The Neocons Launch A Coulterkampf

Far be it from me to leap to the defense of an author
whose latest book has been on the New York Times
bestseller list for five weeks and whose next book has
already fetched her the tidy sum of $3 million.

Nevertheless, given the viciousness of the attacks on
conservative columnist

Ann Coulter
by her

neo-conservative "allies,"
it seems there`s a tale
to be told here.

I confess at once I haven`t read Miss Coulter`s book,
a volume with the fetching title of

and, from all reports, the thesis that
liberals commit it—treason, that is.  For obvious
reasons, liberals don`t care for the book, but what may
be more puzzling, to some at least, is why
neoconservatives don`t either.

But if you understand what neoconservatism is—a

brand of liberalism
that likes to masquerade as a
phony conservatism, mainly so it can wheedle influence
in the Republican Party—the puzzle is solved.  What`s
especially interesting about the

neo-con onslaught
against Miss Coulter is that it`s
virtually indistinguishable from the liberal one.

Thus, the Wall Street Journal op-ed page last
month unleashed the

sarcastic reflections
of neocon Dorothy Rabinowitz
on Miss Coulter and her book. The burden of the attack
was that Miss Coulter praises the late Joe McCarthy as
someone who was willing to call the spade of liberal
treason by its proper name.  Then there was a

by Anne Applebaum in the Washington Post
Book Review, followed a week later by yet
another broadside from neo-con

Arnold Beichman
in the

Washington Times.

Miss Applebaum, an editorial writer for the
Washington Post,
is a liberal, one supposes, but
it`s hard to tell the difference between her sneers and
those of the other two. "Even the company of

insurgents would be more

intellectually invigorating
than that of Ann
Miss Applebaum avers. "More to the
point, whatever side this woman is on, I don`t want to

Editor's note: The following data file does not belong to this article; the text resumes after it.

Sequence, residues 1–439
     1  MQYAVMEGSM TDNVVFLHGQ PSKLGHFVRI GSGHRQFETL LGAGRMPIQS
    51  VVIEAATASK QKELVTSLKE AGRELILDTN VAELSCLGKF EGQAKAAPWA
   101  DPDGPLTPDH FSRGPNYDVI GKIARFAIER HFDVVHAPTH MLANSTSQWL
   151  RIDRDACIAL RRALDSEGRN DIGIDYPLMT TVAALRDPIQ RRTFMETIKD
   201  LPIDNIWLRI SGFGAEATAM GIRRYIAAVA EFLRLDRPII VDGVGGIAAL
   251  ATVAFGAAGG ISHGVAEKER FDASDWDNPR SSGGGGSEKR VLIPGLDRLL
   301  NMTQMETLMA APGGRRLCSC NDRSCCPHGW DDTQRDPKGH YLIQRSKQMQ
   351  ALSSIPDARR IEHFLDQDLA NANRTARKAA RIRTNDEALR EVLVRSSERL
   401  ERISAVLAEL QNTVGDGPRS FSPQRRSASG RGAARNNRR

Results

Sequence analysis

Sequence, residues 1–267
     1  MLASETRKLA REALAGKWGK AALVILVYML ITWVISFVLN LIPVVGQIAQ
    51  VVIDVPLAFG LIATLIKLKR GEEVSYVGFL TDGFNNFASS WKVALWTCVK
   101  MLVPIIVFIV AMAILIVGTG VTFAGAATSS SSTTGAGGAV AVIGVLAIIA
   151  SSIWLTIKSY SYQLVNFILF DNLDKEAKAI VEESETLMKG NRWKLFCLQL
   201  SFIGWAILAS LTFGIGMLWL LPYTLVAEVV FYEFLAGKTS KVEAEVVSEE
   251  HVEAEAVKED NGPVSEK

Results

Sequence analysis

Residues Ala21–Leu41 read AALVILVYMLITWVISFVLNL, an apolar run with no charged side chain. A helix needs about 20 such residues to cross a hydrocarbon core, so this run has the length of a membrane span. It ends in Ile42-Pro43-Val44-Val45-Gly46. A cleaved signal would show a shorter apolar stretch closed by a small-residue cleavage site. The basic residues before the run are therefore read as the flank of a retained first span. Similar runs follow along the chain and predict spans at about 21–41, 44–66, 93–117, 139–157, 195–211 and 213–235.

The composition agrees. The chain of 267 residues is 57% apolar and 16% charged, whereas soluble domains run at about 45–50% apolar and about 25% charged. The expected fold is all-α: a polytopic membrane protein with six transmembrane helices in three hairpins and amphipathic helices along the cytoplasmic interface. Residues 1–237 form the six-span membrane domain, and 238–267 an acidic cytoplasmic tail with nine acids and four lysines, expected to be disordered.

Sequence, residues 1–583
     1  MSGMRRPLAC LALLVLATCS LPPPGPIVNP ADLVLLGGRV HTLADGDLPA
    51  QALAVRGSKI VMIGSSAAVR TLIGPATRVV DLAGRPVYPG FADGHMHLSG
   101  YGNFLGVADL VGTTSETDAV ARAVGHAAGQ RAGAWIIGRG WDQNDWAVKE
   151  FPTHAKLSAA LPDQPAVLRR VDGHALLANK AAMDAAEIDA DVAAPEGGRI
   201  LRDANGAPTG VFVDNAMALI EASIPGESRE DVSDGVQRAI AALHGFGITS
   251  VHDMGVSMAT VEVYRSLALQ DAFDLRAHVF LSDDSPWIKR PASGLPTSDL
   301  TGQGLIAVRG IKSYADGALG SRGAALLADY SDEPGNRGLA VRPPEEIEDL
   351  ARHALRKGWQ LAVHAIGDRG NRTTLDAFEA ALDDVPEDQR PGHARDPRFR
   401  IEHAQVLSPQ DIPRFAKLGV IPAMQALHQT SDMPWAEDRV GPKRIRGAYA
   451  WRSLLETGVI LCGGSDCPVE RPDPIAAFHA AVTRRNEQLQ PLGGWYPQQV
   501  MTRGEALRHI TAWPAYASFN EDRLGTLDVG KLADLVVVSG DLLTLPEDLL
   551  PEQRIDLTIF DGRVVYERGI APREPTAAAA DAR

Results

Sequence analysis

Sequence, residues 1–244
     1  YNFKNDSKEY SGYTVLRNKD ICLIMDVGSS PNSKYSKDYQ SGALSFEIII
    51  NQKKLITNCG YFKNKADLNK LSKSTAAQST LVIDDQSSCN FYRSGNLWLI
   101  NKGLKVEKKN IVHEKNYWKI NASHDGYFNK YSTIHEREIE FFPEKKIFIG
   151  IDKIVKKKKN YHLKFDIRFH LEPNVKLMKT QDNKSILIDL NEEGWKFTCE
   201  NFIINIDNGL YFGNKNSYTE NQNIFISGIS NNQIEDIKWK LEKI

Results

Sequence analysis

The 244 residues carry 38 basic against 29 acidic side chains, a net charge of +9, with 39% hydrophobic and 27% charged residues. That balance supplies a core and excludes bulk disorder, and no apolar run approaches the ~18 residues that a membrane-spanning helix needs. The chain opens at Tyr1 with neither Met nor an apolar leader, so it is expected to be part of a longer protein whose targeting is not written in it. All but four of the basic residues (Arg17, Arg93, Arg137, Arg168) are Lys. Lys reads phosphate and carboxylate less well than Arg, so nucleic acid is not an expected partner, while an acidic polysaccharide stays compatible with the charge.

be on it."

Miss Applebaum at least shows signs of having read
the book, which is more than Mr. Beichman did. "I
have tried to read Miss Coulter`s book and failed,"

he admits and then gets nasty.  And what all these
savants dislike about it is not just Miss Coulter`s
inclination to say nice things about McCarthy but also
her claim on page one that "Liberals have a
preternatural gift for striking a position on the side
of treason."

Well, as I noted, I haven`t read the book (although,
unlike Mr. Beichman, I bet I could), and it may be that
Miss Coulter kind of O.D.`s on the hyperbole. I know the
problem myself.

Nevertheless, if she`s seriously arguing that
liberalism is inherently prone to

, she`s right.

Indeed, neither Miss Coulter nor I am the first to
say so. Decades ago Whittaker Chambers

much the same insight, one that explains
why liberals of his time were so cuddly with

Alger Hiss
and almost as mean to Chambers as
neo-conservatives today are toward Miss Coulter.

Perceiving that

Franklin Roosevelt`s
New Deal "was only

a reform movement"
and really
"was a genuine revolution, whose deepest purpose was not
simply reform within existing traditions, but a basic
change in the social, and, above all, the power
relationships within the nation,"
Chambers also
grasped that both the liberals who pushed the New Deal
revolution and the communists who

on it shared a common goal, even if they
differed on methods.

"At the basic point of
the revolution,"
he wrote, "the two kinds of
revolutionists were at one; and they shared many other
views and hopes. For men who could not see that what
they firmly believed was liberalism added up to
socialism could scarcely be expected to see what added
up to Communism."

The ultimate loyalty of liberalism is not to the
concrete realities of human life—one`s people, nation,

and family—but to the

Great Abstractions
: Equality, Peace, Tolerance,
Freedom (sometimes), Progress, Diversity.

When your own country doesn`t measure up to them,
loyalty to it is—well—negotiable.

I don`t know if Miss Coulter quotes Chambers, but she
should. Like other real conservatives of his day, he saw
that liberals and communists are essentially on the same
wave length, the same page, and that explains a good
deal about the long record of liberal treachery, from

Roosevelt at Yalta
to the last

insipid cuddle
with communism at the end of the Cold

Real conservatives have always understood this ugly
truth about liberalism, even when too polite to mention
it out loud. 

Neoconservatives don`t understand it, and that`s why
they`re so hard to distinguish from liberals—and why
they apparently feel a typically liberal compulsion to

any real conservative who dares call
liberalism the treason it is.



[Sam Francis [email
him] is a nationally syndicated columnist. A selection
of his columns,

America Extinguished: Mass Immigration And The
Disintegration Of American Culture
, is now available

Americans For Immigration Control

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